I know it's one of those programming languages thought of as an easy thing to learn (or so it seems like it). My problem is not with the difficulty of learning the language, rather the outdated guides and the problems with Python 3.2.

So I looked into a book called Diving into Python. It's free and I thought I would give it a go. It directed me to a website with a download to Python 3.2. I downloaded it and now I'm regretting of trying to learn Python. I don't like to give up easily, but I think this might be the only exception. I have no coding knowledge (well I did learn a bit of C++) so I can't really mess with anything. I'm trying to write this code

def buildConnectionString(params):
    """Build a connection string from a dictionary of parameters.

    Returns string."""
    return ";".join(["%s=%s" % (k, v) for k, v in params.items()])

if __name__ == "__main__":
    myParams = {"server":"mpilgrim", \
                "database":"master", \
                "uid":"sa", \
                "pwd":"secret" \
                }
    print buildConnectionString(myParams)

but I get a syntax error at

buildconnectionstring(myParams)

When I try to run it, it says syntax error occurs at that part.

I'm not sure (since I'm no geek when it comes to Programming), but I'm thinking that maybe because the book I'm using is old, some thing might not be compatible with Python 3.2.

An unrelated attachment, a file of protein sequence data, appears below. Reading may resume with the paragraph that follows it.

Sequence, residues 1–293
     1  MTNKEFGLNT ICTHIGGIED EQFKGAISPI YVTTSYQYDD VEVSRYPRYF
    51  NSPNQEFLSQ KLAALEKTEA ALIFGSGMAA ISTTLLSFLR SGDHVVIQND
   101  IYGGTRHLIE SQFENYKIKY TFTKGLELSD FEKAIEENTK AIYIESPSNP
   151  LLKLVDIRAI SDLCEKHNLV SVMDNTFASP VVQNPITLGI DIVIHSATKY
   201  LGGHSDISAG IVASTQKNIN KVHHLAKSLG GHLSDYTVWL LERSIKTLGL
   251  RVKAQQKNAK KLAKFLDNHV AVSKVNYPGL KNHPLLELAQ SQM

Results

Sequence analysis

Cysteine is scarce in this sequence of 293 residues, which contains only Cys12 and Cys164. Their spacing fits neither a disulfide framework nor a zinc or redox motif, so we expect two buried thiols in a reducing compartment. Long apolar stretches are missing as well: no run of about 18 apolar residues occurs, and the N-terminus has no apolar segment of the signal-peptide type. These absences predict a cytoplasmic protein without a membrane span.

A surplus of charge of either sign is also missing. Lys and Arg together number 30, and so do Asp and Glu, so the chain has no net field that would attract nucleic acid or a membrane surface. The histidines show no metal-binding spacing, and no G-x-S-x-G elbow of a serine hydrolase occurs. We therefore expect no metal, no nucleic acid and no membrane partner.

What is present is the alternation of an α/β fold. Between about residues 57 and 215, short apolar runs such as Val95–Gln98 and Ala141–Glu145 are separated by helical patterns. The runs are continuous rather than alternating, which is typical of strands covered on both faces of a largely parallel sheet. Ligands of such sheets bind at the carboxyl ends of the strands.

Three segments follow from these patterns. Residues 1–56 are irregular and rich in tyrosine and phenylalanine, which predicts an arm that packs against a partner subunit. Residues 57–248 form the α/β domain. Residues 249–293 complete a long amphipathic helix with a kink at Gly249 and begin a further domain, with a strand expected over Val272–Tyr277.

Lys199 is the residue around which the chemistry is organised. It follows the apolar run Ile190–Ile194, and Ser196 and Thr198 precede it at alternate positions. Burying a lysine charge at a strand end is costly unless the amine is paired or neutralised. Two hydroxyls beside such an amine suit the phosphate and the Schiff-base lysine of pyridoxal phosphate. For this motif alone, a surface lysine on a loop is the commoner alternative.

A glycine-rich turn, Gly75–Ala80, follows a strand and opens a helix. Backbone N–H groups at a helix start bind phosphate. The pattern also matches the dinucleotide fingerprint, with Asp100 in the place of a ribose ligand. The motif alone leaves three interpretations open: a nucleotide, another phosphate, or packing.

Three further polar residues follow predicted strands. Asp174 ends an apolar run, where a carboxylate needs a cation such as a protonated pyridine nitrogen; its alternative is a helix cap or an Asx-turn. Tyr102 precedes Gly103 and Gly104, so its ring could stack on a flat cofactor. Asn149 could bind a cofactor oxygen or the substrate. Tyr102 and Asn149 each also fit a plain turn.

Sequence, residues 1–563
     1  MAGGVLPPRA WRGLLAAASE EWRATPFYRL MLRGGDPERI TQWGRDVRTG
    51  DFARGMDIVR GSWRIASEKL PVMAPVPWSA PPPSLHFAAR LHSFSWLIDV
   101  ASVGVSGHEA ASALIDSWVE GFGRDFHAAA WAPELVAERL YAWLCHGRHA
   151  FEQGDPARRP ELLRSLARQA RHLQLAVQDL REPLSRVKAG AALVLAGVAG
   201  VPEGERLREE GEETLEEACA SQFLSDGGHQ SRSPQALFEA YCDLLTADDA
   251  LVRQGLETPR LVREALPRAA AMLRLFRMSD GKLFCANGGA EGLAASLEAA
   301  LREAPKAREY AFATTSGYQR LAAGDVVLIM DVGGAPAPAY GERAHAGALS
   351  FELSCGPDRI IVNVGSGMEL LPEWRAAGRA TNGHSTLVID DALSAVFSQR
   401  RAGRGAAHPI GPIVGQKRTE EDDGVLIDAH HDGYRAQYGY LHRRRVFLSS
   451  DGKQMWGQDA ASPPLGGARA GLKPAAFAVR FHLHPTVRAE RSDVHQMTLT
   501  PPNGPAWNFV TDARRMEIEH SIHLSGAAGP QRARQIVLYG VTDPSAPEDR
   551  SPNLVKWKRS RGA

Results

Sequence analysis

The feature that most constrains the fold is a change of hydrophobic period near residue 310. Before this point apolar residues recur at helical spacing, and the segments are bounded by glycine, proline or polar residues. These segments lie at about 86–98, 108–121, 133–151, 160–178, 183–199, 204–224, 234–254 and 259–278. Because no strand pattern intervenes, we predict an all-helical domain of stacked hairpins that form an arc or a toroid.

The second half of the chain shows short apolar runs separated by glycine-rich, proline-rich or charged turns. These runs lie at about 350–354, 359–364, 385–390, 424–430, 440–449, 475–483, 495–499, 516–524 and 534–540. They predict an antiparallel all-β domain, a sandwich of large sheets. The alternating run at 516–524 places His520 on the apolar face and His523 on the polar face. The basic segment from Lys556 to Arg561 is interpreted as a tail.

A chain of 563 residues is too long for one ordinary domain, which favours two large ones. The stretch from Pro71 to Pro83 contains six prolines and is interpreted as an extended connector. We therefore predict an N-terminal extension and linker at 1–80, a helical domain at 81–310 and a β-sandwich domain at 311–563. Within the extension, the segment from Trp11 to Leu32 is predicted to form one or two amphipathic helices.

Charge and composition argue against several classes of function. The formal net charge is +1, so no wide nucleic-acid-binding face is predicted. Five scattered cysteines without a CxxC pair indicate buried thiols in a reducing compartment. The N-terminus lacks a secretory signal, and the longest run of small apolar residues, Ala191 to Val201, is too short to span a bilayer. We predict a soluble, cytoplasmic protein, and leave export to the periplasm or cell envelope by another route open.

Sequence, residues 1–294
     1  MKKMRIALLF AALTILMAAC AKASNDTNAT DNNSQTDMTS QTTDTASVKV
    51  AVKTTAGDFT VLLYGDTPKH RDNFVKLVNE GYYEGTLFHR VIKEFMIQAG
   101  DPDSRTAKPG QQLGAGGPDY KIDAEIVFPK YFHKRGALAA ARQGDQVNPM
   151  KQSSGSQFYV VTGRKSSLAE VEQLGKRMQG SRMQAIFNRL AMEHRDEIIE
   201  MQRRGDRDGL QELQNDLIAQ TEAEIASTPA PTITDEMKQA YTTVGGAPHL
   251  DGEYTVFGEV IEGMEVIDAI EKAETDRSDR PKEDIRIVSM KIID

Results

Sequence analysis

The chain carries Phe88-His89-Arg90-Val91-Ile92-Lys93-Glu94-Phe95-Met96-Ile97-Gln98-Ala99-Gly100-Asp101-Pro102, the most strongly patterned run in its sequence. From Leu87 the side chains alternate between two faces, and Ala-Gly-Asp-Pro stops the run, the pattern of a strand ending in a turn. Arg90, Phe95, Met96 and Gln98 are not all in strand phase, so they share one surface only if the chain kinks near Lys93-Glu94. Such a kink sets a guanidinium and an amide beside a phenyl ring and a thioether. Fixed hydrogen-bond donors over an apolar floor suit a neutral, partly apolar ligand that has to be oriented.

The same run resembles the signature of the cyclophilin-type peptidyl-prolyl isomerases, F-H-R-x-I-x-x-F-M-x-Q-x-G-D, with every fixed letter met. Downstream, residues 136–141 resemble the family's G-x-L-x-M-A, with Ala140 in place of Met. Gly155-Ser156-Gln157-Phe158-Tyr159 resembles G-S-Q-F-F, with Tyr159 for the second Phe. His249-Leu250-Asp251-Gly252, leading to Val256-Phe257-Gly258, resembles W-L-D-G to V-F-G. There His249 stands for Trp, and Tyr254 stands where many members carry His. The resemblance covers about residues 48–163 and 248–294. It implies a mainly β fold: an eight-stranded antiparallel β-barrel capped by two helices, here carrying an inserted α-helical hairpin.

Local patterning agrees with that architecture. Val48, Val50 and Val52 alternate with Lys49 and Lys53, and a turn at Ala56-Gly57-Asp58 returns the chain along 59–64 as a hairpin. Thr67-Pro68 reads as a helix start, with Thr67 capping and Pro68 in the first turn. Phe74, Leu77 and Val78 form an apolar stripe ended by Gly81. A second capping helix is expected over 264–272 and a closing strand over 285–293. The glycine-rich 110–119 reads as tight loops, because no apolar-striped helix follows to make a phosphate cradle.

I'm sorry if it seems like I'm an incompetent fool who needs someone to hold his hands, but as dumb as this may sound, programming kinda scares me.
I'm hoping someone nice enough to show a rookie anything can help me out. I'm trying to look for an up-to-date tutorial that wont give me problems in Python 3.2. Or if it's highly unlikely, I would like if someone recommended me an older version of Python and an older tutorial.

I read this topic
http://www.daniweb.com/forums/thread20774.html

But I really don't know which version I should download.

Again I apologize if I did something wrong (probably be too stupid to search even more) but I'm so new to this.

I would like to add that I am a very dedicated learner (as hard as that is to believe), so I will proceed with learning Python even if it takes me 10 years. So please help a new person out.

Edited 6 Years Ago by Tenck: n/a

The book teaches Python 2.x. In Python 3.x, print is a function, so the last line would be
print(buildConnectionString(myParams))
In the future please include the actual error message, as it is almost impossible to debug when a program is larger, without knowing exactly what is wrong. Dive Into Python 3 is the only online book on Python 3.X that I know of.

Edited 6 Years Ago by woooee: n/a

Comments
Thanks

The book teaches Python 2.x. In Python 3.x, print is a function, so the last line would be
print(buildConnectionString(myParams))
In the future please include the actual error message, as it is almost impossible to debug when a program is larger, without knowing exactly what is wrong.

Thanks for the info. I'll get back to work now.

It was a bit confusing since I still don't know what a function is. The book takes you from the Hello World program to this.